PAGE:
It is always hard to pinpoint to an exact moment when things started going wrong with SVB though one thing is clear, it wasn’t a complete surprise as people make it out to be. The regulators had highlighted potential risks around SVB and after the last quarterly report in January, there was a fantastic twitter thread on SVB that highlighted very much the potential issues that lay before SVB. Byrne Hobart towards the tail end of February also talked about the issue around leverage and the HTM securities.
I talked about how the combination of inflation + rate hikes has led to a significant reduction in fundraising/IPOs in the startup community. With this reduction and the cash burn that remains elevated, SVB started seeing a significant pull out of deposits from its customers. The chart below shows that in 2022, SVB saw nearly ~$60B in deposit outflows.
Usually in expectation of such deposit outflows, banks keep liquid securities/cash available but $60B meant that SVB had to start looking its securities portfolio and make determination on what needed to be sold to meet these deposit calls. Over the past 2 years, I highlighted how the duration of the investment portfolio had significantly increased
The weighted-average duration of our AFS securities portfolio was 3.6 years at December 31, 2022, and 3.5 years at December 31, 2021.
The weighted-average duration of our HTM securities portfolio was 6.2 years at December 31, 2022, and 4.1 years at December 31, 2021.
Therefore, with these deposit requests coming in and with the investment portfolio facing losses given the rise in interest rates, the bank was facing a situation that was only becoming more stressful. The ratings agencies despite being late to the game realised what predicament SVB was finding itself and were planning on downgrading the banks rating and did highlight this to the executive team in the beginning of the week of March 6th. Over the next couple of days, the bank made a critical decision and published their actions in the Q1,23 update
At the core of it, the bank did the following -
Sold $21B in AFS securities(all of it) and recorded a $1.8B loss.
Given the pressures they were already facing on their Return on Equity, SVB would try to raise $2.25B in common equity and preferred shares. Also got General Atlantic to commit to $500M.
These actions were taken because the bank grew more confident in the fact that the interest rates were not going to be falling down anytime soon, and the cash burn and thus the deposit outflow from startups would continue.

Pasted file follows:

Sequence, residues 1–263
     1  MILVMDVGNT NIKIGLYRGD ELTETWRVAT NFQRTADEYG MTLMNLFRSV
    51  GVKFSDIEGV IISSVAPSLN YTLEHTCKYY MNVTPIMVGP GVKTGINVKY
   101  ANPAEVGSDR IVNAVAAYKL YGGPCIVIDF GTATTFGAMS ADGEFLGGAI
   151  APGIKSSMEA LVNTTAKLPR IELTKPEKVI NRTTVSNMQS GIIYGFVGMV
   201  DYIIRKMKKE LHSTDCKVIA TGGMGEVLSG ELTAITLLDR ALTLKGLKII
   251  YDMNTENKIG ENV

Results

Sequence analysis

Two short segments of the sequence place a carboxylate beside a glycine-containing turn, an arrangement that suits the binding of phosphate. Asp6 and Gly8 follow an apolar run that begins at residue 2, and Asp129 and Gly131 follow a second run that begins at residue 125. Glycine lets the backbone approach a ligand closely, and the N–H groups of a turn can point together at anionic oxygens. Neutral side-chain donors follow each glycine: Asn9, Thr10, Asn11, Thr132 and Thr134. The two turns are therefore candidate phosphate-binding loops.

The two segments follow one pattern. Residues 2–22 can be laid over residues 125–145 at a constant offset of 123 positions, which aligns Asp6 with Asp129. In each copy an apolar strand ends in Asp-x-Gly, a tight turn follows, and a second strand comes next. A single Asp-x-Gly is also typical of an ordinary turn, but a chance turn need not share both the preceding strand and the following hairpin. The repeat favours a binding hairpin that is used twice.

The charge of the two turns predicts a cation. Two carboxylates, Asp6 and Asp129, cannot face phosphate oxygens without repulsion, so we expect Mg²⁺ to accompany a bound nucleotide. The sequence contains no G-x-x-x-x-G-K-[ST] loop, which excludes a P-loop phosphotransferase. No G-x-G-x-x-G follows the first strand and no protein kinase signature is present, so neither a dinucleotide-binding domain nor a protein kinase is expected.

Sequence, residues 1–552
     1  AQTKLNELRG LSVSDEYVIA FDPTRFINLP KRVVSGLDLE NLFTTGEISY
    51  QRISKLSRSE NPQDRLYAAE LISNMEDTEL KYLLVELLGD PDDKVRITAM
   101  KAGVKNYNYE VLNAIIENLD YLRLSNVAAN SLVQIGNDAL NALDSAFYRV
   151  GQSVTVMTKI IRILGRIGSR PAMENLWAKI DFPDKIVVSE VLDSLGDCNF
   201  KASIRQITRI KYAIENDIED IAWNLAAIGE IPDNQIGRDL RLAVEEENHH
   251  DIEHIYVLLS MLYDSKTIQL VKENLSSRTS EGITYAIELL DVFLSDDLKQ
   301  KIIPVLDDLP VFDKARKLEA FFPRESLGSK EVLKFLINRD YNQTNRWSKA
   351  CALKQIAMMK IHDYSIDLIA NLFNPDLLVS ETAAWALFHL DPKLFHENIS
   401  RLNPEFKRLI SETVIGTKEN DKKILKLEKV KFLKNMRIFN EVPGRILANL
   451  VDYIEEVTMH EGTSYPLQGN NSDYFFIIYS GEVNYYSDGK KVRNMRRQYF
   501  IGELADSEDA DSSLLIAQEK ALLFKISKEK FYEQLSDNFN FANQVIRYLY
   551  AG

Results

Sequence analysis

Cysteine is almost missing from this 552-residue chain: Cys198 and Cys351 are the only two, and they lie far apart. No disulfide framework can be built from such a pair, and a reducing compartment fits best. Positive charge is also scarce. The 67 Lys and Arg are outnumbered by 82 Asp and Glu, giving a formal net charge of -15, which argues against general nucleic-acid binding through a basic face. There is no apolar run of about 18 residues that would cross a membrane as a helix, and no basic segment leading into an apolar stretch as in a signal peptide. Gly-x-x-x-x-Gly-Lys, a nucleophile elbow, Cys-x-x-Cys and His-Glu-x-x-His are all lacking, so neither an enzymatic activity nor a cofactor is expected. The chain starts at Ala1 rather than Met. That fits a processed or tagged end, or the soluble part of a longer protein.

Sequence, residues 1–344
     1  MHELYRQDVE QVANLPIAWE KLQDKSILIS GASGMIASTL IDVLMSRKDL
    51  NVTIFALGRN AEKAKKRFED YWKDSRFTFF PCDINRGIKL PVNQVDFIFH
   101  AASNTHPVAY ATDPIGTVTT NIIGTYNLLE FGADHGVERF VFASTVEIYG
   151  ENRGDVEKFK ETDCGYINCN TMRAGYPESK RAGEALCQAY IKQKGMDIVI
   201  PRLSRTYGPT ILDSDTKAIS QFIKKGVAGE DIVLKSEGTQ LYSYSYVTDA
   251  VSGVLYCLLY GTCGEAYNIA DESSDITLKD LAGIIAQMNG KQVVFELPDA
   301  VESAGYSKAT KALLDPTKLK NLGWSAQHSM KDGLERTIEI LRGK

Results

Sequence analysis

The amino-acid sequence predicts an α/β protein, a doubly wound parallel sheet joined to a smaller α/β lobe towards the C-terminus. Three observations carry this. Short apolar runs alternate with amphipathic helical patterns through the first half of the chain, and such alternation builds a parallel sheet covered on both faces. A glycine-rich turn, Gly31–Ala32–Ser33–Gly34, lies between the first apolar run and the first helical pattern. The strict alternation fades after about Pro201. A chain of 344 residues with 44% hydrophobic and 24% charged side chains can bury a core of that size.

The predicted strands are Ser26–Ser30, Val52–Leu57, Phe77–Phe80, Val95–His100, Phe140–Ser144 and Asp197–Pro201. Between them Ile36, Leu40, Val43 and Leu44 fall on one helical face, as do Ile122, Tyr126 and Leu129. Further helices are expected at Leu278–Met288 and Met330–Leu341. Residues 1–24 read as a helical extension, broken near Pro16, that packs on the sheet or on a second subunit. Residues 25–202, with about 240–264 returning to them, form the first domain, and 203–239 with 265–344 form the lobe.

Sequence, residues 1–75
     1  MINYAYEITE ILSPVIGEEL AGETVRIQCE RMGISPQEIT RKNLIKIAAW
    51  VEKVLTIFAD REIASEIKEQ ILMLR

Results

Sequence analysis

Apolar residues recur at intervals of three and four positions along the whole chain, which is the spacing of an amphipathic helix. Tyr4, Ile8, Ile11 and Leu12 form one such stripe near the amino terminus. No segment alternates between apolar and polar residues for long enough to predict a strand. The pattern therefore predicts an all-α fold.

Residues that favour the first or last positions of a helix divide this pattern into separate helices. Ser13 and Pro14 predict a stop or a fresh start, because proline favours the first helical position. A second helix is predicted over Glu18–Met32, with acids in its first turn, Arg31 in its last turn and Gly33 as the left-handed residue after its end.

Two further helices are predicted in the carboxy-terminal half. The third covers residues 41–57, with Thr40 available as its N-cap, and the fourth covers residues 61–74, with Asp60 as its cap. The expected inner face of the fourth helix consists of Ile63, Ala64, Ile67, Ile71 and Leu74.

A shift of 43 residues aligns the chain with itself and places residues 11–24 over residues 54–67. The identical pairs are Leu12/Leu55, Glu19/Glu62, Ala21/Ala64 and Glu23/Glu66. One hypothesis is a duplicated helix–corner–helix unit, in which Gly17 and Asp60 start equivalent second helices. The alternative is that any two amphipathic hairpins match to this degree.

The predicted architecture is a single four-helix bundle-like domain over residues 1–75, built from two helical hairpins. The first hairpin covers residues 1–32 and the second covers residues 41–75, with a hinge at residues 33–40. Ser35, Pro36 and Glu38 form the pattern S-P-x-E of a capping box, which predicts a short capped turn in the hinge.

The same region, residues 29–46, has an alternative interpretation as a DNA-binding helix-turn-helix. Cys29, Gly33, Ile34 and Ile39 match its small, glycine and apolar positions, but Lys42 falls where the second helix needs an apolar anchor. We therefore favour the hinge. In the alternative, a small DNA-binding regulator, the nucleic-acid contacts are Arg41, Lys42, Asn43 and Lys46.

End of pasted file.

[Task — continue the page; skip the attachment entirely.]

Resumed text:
It is reported(though I don’t want to give air to who did what and how dare they do it) that VCs upon hearing about the potential losses and liquidity issues at SVB asked their own teams and the startups they had funded to take out whatever they could beyond the $250K in FDIC insurance that is applicable for an account. Now, assuming that there was this request made, I personally don’t find any issues in deposit holders watching out for their own interests and protecting their deposits by moving it to what they perceive to be safer. It is absolutely irresponsible to question/call someone out for having recommended this because it shows a lack of understanding of fear/basic human psychology.
Also consider the following about SVB. Nearly ~90% of the deposits held at SVB were uninsured which means they were above the $250k limit that FDIC currently has
Combined with the concentration of the types of customers(see chart above) SVB had(VCs, healthcare, tech companies), it was only inevitable that once the news around the viability of the business started spreading, there was going to be a panic.
That was exactly what happened. An initial flow of deposit that had led SVB to sell assets/take losses only accelerated and on Thursday(march 9th), the firm saw nearly $42B in deposit outflow which led to a liquidity crunch on Friday(10th of March). The FDIC which was most likely going to close the bank on Friday evening post business hours realised the severity of the situation and put SVB into receivership early into the day itself.
SVB was the 2nd largest bank bankruptcy after Washington Mutual which went bankrupt in 2008 and was acquired by JP Morgan.
Over a period of 2 and a half days, a lot happened and I dedicate a whole section below on the responses by other fintechs in terms of launching products/thinking about how to serve the SMBs/startups that were affected because of the SVB crisis. In essence, there were 3 questions that everyone was really trying to answer and assign probabilities to -
Will the FDIC be able to find a buyer who could guarantee the deposits and stem the flight of customers?
If no, would they along with Fed and Treasury try to guarantee part/all of the deposits to prevent chaos from spreading across the financial system?
For customers who banked with SVB and had not been able to take their money out
The initial view came from looking at FDIC reports and how things had panned out over the past 4 decades